I can illustrate how emotions and memory are linked. A few years ago I returned into the town where I was born that I had not visited for 40 years. I was trying to find my grand mother's house but the town had changed and I could not find it. After a day of unsuccessfull search I gave up and decided to head towards another part of the town to visit a park where I was used to play when I was a child. Suddlenly as I was approaching a cross road a smell of roasted coffee entered into my nostrils and I started to run into a street towards an unknown direction. After a few seconds I realised that my behaviour was irrational and stopped running. Simultaneously I started to recognise some of the features of that street and I headed towards a place where I knew I was going to find my grand mother's house...and here it was, unchanged. Later I tried to understand my earlier strange behaviour and could clearly remember that the smell of roasting coffee beans already existed and that I was associating it to the fact that I was approaching my grand mother's house. I also remembered how similar my behaviour was when I was visiting my grand mother during my childhood and how my mother who was walking behind me was calling me back but I did not want to obey. My grand mother loved me very much and she made me happy. The recalling of this event is always associated with an unusual feeling of happiness in my heart.

I find that incidents that were extremely emotionally intense at the time are now 'numb' memories - I don't have or remember the feelings which is a bit sad when I remember people I really loved who died for example

I can remeber lots of things from the past - useless information like what we did at a certain place when I was a child but I'm hopeless at remembering what I did last week. I'm only 35 so there is no help for me when I get older!

I have very similar memory experiences as Mike - all negative things remembered and squirming even 50 or so years on

I am so interested to read what Mike has to say about remembering bad things and feeling terribly uncomfortable still. My own bad/sad memories far outnumber the happy ones. But then, I had a very unhappy childhood. Strange that these memories will pop up without any effort at all. I'd love to be able to recall some really jolly moments. The other thing I would like to record is that (like everyone else) things have gone wrong but sometimes I find it difficult to remember good times in my adult life without these memories jogging 'attached' recollections which spoil them. An example would be looking at a photo of my baby son (now 27) taken on a happy day and instantly feeling miserable about what followed years later - the divorce with his father. I'd love some purely happy memories. Have to emphasise that I am a very happy contented person now!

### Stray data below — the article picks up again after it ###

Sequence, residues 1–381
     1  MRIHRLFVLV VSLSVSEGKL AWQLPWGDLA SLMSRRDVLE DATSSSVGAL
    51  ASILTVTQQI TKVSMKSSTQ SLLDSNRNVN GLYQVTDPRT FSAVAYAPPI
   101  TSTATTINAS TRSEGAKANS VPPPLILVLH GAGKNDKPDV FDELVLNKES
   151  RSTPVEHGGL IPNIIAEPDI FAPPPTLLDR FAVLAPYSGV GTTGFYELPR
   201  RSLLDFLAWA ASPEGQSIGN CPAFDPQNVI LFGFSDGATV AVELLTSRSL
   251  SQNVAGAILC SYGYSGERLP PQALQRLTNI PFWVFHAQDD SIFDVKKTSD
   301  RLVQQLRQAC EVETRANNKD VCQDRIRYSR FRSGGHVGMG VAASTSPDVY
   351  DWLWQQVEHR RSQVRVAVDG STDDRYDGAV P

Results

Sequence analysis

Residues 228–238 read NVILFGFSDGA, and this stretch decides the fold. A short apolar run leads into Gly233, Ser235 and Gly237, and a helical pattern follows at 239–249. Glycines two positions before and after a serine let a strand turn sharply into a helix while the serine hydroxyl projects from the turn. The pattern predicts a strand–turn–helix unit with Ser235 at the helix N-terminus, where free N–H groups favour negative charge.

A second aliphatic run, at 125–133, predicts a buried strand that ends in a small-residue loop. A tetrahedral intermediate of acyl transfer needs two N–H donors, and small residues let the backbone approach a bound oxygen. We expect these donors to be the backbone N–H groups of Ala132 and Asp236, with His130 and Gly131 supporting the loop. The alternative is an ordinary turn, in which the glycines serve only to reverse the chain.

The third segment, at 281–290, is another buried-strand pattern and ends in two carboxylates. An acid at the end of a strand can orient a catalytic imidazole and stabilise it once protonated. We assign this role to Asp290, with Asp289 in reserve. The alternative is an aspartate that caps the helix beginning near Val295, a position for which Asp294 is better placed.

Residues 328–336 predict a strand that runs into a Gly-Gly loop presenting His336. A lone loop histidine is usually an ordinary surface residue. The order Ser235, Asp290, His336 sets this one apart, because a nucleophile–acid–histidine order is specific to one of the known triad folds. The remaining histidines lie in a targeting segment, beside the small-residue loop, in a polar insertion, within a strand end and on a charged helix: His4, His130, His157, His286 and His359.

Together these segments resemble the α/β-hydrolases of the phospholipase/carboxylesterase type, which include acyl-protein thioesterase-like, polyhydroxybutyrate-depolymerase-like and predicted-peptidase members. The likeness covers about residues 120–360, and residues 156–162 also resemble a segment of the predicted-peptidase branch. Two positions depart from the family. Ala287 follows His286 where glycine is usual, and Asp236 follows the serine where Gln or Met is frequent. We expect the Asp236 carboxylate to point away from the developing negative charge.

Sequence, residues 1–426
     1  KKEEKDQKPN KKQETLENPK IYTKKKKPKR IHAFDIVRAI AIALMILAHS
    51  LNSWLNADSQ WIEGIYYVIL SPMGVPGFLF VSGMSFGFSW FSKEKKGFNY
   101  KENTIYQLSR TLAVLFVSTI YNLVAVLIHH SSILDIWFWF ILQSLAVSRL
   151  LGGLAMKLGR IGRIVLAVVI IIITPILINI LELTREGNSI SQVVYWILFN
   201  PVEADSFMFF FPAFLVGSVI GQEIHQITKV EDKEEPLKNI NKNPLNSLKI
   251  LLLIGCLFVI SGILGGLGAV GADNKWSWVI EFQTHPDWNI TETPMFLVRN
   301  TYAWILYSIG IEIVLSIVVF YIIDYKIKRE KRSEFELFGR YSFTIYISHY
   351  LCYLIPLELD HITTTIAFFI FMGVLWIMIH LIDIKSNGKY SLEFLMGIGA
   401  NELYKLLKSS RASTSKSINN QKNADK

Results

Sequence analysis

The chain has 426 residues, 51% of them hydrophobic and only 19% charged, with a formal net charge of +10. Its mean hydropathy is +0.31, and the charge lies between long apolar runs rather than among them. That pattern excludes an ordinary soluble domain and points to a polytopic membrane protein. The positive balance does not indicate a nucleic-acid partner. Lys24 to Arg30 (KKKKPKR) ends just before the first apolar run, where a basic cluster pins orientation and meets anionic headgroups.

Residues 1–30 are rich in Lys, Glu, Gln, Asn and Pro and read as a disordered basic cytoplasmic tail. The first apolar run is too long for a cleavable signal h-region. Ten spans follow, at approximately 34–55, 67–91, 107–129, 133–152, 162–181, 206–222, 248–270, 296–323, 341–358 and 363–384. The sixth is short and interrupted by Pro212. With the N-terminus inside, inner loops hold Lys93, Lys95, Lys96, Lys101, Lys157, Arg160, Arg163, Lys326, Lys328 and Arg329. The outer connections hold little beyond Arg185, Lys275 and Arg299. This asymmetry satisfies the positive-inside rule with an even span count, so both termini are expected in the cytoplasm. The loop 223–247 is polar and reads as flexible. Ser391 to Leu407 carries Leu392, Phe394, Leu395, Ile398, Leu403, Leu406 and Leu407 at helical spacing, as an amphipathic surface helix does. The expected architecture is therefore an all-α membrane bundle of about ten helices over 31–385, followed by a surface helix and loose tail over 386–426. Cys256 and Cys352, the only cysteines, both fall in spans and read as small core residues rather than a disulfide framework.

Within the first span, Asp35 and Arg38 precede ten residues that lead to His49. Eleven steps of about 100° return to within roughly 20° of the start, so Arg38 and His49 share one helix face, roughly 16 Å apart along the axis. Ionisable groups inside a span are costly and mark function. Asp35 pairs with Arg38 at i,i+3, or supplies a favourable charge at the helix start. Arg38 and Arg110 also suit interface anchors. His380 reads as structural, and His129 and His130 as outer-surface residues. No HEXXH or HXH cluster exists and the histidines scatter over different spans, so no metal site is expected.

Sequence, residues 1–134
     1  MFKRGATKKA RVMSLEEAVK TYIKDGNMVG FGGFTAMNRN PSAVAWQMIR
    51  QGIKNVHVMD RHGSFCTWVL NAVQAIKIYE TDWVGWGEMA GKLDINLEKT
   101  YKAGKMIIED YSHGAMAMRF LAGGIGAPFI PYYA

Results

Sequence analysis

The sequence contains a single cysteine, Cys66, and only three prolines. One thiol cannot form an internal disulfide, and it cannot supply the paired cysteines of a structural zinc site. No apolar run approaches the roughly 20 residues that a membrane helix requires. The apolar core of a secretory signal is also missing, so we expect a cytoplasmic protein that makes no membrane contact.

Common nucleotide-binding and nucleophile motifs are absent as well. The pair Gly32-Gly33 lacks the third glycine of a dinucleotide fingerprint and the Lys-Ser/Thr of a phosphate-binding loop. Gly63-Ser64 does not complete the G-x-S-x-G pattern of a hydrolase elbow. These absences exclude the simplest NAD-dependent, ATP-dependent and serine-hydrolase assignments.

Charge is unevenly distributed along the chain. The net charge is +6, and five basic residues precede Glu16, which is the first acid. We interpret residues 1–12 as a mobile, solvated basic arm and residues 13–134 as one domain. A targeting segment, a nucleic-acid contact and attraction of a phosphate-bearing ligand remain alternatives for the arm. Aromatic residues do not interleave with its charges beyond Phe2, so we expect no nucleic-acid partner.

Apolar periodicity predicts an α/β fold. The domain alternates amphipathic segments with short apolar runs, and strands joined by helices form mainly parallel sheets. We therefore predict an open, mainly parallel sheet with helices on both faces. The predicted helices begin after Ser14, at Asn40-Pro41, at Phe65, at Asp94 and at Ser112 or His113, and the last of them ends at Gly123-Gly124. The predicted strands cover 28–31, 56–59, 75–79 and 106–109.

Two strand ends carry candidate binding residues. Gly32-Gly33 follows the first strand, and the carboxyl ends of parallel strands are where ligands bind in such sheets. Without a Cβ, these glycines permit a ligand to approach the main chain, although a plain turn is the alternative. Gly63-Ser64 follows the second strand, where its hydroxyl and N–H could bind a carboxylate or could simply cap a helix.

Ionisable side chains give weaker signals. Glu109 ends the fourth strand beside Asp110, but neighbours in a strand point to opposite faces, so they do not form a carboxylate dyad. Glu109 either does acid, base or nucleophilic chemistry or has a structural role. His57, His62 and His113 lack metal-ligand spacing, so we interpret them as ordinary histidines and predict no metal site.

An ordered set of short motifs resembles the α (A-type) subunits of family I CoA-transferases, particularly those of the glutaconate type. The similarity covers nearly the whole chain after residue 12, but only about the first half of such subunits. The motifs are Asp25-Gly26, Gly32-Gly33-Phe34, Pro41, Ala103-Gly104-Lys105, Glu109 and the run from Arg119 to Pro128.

A few years ago, I was in a museum and they had a 1950s display. I saw a toy washing machine (wringer on top)and immediately felt very strong positive emotional feelings. I recalled my mum having a washing machine of the same kind and I could picture the kitchen and the machine in the middle. Although I had no recollection of an identical toy washing machine, I was convinced from my strong emotions on seeing it that I must have had one. I phoned my Mum and Dad straight away and they confirmed that I used to have an identical toy washing machine and I would wash my doll's clothes when Mum washed our clothes. They think I must have been about 4 or 5. Generally speaking what few early "memories" I have, I think are from what I have been told by my Grandparents or parents. I do have some "mental pictures" of rooms in a house that I lived in at an early age. I find that going to a place that I have been to as a child stimulates the memory, enables me to retrieve things.

I can distinctly remember occasions when I am pretty sure I was happy. In each case (apparent success in relationships, business or musical accomplishment) the cause of the happiness was subsequently removed. I find I can remember the fact that I was happy but I cannot for the life of me remember what it felt like.

it's probably understandable that my first definite memory is sitting in a tin bath in front of my auntie's fire at the age of 5, and being told that my Grandma had died; we had shared a bedroom since my birth.

I have some very traumatic early memories which have shaped my present personality and the way I react with the world. I go over them again and again and they are very vivid in every aspect, I can recall all my emotions and can describe the scenes in extreme detail of sight, sound, smell. However, although I can recall the emotions I do not re-experience them. I can talk quite dispassionately about the extreme painful traumas which shaped my life.

I am blessed with a very good memory - bank card numbers, my NI number, the number of every car I've ever had, even my Service serial number. But a good memory can be perverse. Mine remembers bad things, embarrasments and humiliations right from earliest childhood with such clarity that I can still squirm but it does not remember the happy times, the good times, the fun.But perhaps its not my memory's fault - it may be that my memory is simply the servant of a self-flagellant psyche.

i can clearly understand about forgetting things.